And then Nixon recognized the danger of such an approach to life: “You get out of the alley and on your way.” At first it was easy. “In your own mind you have nothing to lose, so you take plenty of chances. It’s a piece of cake until you get to the top.” Then came the danger. “You find that you can’t stop playing the game because it is part of you … So you are lean and mean and resourceful and you continue to walk on the edge of the precipices because over the years you have become fascinated by how close to the edge you can walk without losing your balance.”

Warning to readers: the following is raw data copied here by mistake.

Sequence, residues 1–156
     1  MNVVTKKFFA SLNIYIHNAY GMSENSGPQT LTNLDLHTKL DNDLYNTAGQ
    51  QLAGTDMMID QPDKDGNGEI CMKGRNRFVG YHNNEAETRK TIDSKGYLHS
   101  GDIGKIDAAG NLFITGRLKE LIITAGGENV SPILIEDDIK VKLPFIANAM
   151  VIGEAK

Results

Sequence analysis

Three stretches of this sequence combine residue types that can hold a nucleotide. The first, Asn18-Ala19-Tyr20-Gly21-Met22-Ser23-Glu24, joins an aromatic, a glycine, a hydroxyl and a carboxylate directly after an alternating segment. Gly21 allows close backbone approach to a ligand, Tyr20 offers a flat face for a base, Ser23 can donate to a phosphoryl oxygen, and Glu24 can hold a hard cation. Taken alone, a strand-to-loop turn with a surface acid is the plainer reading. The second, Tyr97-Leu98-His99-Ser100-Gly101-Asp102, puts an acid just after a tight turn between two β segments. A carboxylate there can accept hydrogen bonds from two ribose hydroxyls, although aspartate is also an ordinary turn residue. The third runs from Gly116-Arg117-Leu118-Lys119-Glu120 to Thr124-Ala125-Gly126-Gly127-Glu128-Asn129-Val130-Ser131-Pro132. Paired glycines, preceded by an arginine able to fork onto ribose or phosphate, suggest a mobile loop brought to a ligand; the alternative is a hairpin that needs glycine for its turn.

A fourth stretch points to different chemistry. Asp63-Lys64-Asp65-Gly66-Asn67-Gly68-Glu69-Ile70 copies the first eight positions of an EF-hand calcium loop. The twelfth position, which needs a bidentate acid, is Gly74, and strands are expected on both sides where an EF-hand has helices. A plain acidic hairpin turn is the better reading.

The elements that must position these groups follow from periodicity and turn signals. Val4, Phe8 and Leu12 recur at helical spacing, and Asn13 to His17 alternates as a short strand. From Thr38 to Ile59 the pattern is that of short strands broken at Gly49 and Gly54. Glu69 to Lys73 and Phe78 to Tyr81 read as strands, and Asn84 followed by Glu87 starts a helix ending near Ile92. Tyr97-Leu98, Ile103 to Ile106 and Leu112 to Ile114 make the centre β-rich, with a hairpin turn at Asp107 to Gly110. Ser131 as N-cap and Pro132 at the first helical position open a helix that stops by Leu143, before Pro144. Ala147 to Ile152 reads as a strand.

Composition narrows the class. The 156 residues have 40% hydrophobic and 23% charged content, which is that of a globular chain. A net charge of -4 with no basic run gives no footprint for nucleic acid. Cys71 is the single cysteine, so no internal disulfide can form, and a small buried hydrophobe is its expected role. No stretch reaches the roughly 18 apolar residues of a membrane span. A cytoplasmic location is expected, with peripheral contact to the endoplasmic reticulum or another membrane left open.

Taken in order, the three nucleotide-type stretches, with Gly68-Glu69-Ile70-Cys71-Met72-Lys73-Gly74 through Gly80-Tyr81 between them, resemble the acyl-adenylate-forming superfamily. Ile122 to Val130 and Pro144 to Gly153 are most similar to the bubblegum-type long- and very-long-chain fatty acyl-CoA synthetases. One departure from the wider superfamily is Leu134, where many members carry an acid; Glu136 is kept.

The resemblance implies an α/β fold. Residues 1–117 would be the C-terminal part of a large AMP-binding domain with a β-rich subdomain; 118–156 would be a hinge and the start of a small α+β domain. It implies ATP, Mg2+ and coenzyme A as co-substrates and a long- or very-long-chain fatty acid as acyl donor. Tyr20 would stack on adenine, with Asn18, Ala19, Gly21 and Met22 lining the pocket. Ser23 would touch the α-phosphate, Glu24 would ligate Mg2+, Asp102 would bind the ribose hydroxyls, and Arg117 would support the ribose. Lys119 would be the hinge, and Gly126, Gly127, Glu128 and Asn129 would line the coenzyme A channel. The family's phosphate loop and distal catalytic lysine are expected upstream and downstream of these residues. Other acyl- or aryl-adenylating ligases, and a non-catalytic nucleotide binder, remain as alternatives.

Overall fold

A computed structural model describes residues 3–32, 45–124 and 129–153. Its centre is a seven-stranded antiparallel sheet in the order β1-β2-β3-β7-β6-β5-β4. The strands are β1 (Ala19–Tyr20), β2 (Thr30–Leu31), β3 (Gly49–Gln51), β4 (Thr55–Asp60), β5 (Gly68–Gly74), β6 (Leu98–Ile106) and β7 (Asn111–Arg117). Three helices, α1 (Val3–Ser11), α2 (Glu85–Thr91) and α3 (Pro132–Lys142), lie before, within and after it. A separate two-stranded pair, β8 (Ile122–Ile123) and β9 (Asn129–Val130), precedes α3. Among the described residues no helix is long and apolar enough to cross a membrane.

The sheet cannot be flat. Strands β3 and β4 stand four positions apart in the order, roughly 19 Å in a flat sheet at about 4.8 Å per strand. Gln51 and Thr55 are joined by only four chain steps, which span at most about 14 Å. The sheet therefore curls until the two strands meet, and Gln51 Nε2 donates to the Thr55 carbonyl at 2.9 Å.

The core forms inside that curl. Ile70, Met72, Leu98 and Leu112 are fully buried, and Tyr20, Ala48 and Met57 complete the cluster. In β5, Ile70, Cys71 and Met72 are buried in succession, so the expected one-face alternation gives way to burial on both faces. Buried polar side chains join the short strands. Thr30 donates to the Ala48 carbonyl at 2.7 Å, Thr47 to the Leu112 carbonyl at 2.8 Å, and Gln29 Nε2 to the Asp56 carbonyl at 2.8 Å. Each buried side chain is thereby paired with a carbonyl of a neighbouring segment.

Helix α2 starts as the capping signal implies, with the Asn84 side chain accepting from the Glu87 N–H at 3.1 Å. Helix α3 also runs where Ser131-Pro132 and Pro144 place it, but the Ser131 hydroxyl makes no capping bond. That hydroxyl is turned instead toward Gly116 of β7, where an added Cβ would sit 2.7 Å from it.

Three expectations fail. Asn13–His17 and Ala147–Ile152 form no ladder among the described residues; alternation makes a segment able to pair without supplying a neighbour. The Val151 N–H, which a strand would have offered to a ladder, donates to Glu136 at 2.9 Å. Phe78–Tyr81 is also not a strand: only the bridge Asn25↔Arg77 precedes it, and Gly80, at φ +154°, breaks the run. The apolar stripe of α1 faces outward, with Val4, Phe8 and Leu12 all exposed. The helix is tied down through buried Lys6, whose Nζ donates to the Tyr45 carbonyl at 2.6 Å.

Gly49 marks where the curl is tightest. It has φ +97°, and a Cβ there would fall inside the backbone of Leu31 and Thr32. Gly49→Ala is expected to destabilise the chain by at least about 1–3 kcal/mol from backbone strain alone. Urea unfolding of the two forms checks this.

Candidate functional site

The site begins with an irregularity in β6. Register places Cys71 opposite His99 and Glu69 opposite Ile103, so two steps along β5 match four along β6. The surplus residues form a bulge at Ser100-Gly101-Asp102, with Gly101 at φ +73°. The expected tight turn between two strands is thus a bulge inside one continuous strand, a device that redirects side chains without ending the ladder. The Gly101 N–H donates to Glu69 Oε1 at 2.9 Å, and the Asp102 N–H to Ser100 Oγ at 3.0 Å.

“This time it was different,” the aide responded.

“Yes,” Nixon replied quietly. “This time we had something to lose.”

* * *

Now Nixon’s preoccupation, even obsession, after being forced from office was to become a respected figure. It wasn’t for him to live out the rest of his life in disgrace. He was determined to become someone people listened to—a senior statesman, a sage. And the best way to be considered a sage, Nixon understood, was to establish one’s credentials as an expert in foreign policy, a man known to world leaders. Domestic policy didn’t cut it the same way: Lectures and articles on education or the environment didn’t attract the Brahmins and the business leaders Nixon wanted to attract, didn’t occupy nearly as much space on the stage. No splashy trips.